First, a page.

UYWI Interview around GLBT Issues and the Urban Church (#1)

John Lewis, of UYWI asked one of the UYWI07 workshop trainers, Andrew Marin of The Marin Foundation, a few questions. The intent is to inform and encourage our urban leaders who may be dealing with youth or adults in their churches and communities who may identify themselves with a GLBT lifestyle. These are the first few questions followed with Andrew’s answers (and feel free to respond and comment with your opinions, questions or concerns). Andrew will check this and future posts and would love to respond to your questions:

1. What led you to becoming actively involved in ministering to the GBLT community?

2. What steps can a local youth worker do to embrace teens that are wrestling with these issues?

1. What led you to becoming actively involved in ministering to the GBLT community?

I was raised in a Caucasian dominated, upper middle class suburb of Chicago. I never actually remember the topic of homosexuality ever being brought up to me in my youth; but growing up in a conservative town and attending a conservative church I quickly figured out what I was supposed to think about the GLBT (gay, lesbian, bisexual and transgender) community. I can honestly say that I was extremely homophobic. I was scared of what I did not know, and at that time in my life I believed that gay was just a word on a sheet of paper. It was not real to me, nor did I ever want it to be real to me.

That all changed the summer after my freshman year in college at the University of Illinois at Chicago when my three best friends all ‘came out’ to me on three separate occasions! What do you say when those closest to you confide that they aren’t totally who you think they are, that there is a huge, hidden part of their life you’ve never known about? How do you respond when they risk telling you that they are what you’ve been taught to despise? How do you deal with that ripping feeling in your heart, and the swirl of questions you don’t want answered – and yet so desperately do?

At that moment the GLBT community was no longer something I could not put a face to; it was my best friends. At that time I was faced with a choice, continue to live my life how I always had or completely step out of everything I ever knew and be loyal to my best friends. In my mind my only choice was to fully immerse myself, as much as a straight male could, into the large GLBT population in Chicago with my best friends as guides. Out of that six-year commitment The Marin Foundation was birthed.

2. What steps can a local youth worker do to embrace teens that are wrestling with these issues?

The first thing I always say is love. Now the important part to understand is that my definition of love is different than other people’s definition; as mine is not just a nice, conditional Christian word that should be said. Love then, is a tangible expression of an unconditional behavior. This means that someone can say “I love you” until that person is blue in the face, and it will not matter one bit unless there are measurable, unconditional behaviors attached with to the word. The broader Christian community has unfortunately lost control of the word love within the eyes of the GLBT community; because ‘love’ has been relegated to a conditional love. I will love you if I see you do…, or act like…, or change…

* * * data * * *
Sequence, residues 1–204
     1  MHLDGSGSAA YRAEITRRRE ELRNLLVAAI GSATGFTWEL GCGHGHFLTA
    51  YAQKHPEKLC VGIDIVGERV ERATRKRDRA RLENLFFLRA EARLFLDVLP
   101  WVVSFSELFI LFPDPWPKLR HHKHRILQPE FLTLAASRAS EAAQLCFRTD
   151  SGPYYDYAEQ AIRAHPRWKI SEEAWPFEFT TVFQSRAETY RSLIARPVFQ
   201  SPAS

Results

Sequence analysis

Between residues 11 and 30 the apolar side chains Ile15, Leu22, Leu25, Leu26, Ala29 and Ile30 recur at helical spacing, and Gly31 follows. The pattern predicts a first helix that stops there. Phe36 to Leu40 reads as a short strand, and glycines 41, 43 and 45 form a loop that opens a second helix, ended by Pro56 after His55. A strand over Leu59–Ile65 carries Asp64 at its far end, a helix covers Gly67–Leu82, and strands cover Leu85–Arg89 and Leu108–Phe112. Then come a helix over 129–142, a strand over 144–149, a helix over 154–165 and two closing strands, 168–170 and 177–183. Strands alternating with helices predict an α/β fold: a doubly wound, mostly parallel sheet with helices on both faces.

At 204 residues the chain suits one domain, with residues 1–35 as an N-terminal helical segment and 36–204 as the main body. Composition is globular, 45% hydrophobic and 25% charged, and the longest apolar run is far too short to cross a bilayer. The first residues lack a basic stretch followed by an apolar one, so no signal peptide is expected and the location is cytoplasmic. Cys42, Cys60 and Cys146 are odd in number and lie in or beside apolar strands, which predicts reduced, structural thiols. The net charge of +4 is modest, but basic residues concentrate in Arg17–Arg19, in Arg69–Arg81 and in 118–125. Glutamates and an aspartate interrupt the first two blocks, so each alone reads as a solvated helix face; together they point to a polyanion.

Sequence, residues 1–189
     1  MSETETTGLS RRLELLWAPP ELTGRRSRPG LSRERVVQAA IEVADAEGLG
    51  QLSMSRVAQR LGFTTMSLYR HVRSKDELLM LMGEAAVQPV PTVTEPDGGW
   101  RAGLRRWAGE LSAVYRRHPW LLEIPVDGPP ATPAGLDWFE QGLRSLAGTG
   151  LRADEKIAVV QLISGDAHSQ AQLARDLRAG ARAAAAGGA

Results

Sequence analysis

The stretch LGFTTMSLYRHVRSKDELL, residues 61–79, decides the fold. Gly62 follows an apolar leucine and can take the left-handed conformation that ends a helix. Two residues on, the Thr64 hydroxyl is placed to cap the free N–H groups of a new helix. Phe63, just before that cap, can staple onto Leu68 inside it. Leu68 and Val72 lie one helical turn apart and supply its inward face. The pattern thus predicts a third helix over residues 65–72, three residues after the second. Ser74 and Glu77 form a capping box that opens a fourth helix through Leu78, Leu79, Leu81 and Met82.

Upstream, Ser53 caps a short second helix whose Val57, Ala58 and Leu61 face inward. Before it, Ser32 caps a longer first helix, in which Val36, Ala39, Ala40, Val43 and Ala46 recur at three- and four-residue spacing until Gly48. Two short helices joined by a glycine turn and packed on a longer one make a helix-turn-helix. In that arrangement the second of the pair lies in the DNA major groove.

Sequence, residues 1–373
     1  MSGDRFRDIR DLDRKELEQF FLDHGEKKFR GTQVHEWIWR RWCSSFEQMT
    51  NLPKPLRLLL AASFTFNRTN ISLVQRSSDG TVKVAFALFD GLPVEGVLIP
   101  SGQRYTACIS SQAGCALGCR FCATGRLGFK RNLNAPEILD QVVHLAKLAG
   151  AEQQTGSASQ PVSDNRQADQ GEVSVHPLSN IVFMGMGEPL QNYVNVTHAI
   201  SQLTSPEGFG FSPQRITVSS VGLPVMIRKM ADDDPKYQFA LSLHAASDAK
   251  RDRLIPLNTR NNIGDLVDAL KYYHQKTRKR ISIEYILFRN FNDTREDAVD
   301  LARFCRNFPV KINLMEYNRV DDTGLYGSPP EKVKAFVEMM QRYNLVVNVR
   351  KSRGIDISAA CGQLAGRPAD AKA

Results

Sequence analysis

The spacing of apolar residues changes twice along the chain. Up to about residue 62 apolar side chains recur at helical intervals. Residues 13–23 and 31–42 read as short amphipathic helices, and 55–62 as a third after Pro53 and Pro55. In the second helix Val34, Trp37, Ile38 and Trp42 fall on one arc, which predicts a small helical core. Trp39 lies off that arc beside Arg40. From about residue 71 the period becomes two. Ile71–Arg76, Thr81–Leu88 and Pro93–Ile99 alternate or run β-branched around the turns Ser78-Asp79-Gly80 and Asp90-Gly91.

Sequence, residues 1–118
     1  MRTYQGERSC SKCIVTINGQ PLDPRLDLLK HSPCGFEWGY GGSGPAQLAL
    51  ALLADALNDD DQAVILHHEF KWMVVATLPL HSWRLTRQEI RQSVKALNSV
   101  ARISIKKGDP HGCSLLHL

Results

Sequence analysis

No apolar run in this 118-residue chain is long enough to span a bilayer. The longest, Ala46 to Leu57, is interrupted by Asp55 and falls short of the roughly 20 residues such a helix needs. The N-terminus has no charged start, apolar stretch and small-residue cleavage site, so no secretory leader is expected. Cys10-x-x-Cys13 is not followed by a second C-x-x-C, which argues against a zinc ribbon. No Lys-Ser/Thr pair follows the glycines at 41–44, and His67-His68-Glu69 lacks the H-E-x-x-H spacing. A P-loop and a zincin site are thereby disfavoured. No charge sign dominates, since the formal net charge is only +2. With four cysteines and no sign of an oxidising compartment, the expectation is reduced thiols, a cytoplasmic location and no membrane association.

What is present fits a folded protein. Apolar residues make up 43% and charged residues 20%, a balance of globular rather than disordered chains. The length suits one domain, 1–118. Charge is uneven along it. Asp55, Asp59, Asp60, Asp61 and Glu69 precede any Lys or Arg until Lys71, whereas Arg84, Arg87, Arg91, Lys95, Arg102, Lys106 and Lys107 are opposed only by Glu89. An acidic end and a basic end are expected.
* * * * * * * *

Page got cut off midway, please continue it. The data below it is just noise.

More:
My friends (gay and straight), my family, my fiancé; they will always know that I love them regardless if I tell them “I love you” ever again. They know this because of my measurable and unconditional behaviors that reinforce my feelings no matter who they are, what they do, or what they say. It is important for youth workers to understand the gravity in the situation regarding a youth dealing with same sex attraction (SSA). Research shows that the average age of someone who has SSA is 13 years old, and the average age of someone who ‘comes out’ and declares their sexual orientation is 15 years old! Think back to who you thought you were when you were 13 to 15 years old, and then add onto that a scary secret that you feel that you cannot tell anyone. What if the secret gets out? What will my church think? What will my friends think? What will happen to me? These are real questions, and things that prevent any willingness to get help in dealing with these feelings. Therefore, at this overwhelming moment in a youth’s life words just cannot do the job. It is rather the measurable, tangible, and unconditional behaviors that speak for themselves; louder than any word could be repeatedly shout-out.

What does a measurable, tangible, and unconditional behavior look like? It is a non-judgmental safe place that proves to be a trustworthy environment for a youth having SSA. It is a walk, a hug, a dinner, an ear, a fun trip; all unassociated with the condemnation and ostracization that the youth “knows” is coming. Please do not confuse this with an affirmation of the same sex feelings, but I will tell you that from years of experience it is truly amazing how open and receptive youths are to fully receiving what the Bible has to say about one’s sexuality only after a long period of unconditional behaviors that show the true meaning of the word love.

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